Welcome to The Pixel Project’s “30 For 30″ Father’s Day Campaign 2018! In honour of Father’s Day, we created this campaign:
- To acknowledge the vital role dads play in families, cultures and communities worldwide.
- To showcase men from different walks of life who are fabulous positive non-violent and non-sexist male role models.
- To provide dads worldwide a positive platform to share ideas about stopping sexism, misogyny, and violence against women and girls.
This is our 6th annual 30 For 30 campaign and through it we will be publishing interviews with dads from across the world throughout the month of June.
Our twelfth “30 For 30″ 2018 Dad is Jayaprashanth Ramesan from Australia and Malaysia.
The Dad Bio
My name is Jayaprashanth Ramesan, people call me JP. I moved to South Australia in the early 2000s and fell in love with simplicity of Adelaide. I graduated from the University of Adelaide in Mechanical Engineering and Finance since my mother was not too excited on the idea of me becoming a race car driver! While in university, I fell in love with green energy, sustainability and waste management. I worked in that industry for almost 8 years and now find myself in the crossroads of running a business and doing meaningful things for humanity and the planet. I am now learning how to do both of this sustainably so I can teach my daughter how to be right and fair.
The best thing about being a dad is about watching your children grow, emotionally, mentally and physically as they pass through each stage of growth. This allows me to share more things with my child that she can understand, learn and implement. This does not always mean they will know how to differentiate the bad from the good very easily too but that’s the other best thing about being a dad, being prepared for the worst too.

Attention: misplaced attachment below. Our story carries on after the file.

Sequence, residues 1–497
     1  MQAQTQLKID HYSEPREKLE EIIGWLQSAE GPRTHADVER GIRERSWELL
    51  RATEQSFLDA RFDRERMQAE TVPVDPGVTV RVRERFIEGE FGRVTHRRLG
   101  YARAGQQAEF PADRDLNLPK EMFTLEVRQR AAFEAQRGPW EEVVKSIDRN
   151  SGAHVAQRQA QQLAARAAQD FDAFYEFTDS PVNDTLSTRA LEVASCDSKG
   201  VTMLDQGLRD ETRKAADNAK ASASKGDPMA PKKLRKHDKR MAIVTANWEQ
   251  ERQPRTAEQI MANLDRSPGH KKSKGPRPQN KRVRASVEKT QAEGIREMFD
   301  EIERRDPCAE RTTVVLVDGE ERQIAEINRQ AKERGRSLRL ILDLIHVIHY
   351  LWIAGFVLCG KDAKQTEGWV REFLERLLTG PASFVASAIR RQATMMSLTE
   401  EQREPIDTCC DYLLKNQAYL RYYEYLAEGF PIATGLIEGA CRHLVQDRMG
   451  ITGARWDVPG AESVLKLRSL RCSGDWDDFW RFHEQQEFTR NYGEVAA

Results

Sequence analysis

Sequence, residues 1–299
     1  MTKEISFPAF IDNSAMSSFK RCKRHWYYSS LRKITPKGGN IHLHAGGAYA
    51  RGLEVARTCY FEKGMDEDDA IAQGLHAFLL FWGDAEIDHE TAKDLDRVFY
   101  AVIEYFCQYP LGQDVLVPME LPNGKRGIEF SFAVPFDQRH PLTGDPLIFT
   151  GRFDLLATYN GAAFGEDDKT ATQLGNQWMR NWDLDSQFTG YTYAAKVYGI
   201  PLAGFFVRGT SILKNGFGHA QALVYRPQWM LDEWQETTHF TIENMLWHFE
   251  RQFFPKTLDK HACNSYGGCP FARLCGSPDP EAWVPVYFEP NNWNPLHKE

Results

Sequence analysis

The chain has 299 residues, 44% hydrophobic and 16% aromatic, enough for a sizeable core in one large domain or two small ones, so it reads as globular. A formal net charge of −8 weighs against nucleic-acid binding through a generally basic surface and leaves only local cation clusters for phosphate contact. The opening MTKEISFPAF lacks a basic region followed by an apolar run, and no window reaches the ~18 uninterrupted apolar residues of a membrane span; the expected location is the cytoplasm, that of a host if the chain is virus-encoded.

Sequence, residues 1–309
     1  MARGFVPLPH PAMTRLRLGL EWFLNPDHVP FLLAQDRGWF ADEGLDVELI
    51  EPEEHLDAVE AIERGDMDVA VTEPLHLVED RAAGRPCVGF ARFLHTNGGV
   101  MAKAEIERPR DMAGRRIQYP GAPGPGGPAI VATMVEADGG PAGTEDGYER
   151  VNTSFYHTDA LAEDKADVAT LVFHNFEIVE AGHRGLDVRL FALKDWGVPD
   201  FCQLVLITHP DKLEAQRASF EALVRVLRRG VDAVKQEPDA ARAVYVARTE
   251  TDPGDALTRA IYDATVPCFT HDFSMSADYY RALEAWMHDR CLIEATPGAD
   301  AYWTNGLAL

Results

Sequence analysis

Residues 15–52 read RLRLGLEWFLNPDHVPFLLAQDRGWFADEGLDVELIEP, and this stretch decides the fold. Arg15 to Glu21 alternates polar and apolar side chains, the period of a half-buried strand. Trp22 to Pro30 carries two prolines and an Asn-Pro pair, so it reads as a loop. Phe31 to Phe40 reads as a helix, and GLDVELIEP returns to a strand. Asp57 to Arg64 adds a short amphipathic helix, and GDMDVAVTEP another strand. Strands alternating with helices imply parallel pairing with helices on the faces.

2. A dad is usually the first male role model in a person’s life and fathers do have a significant impact on their sons’ attitude towards women and girls. How has your father (or father figure) influenced the way you see and treat women and girls?
In my culture we have a matriarchal system where the oldest woman is the head of the family. So girls in the family have to be educated and treated the same as boys. Since I never had sisters myself, my father used to treat all his nieces like a princess and tough at the same time.
On the flip side, he is being too soft with my daughter now!
3. Communities and activists worldwide are starting to recognise that violence against women is not a “women’s issue” but a human rights issue and that men play a role in stopping the violence. How do you think fathers and other male role models can help get young men and boys to take an interest in and step up to help prevent and stop violence against women?
I believe that human rights include all combination and permutation of genders in a relationship. So I speak for all partners in any sort of marriage that they choose to bring up a daughter or son.
We need to firstly get them to understand that violence is wrong. Then we should gradually but carefully bring in history to show what was like in the past and quiz our children to of scenes that they see. Even in our day to day life. Breaking down a situation and discussing it with our children to understand what their thought processes are is very crucial.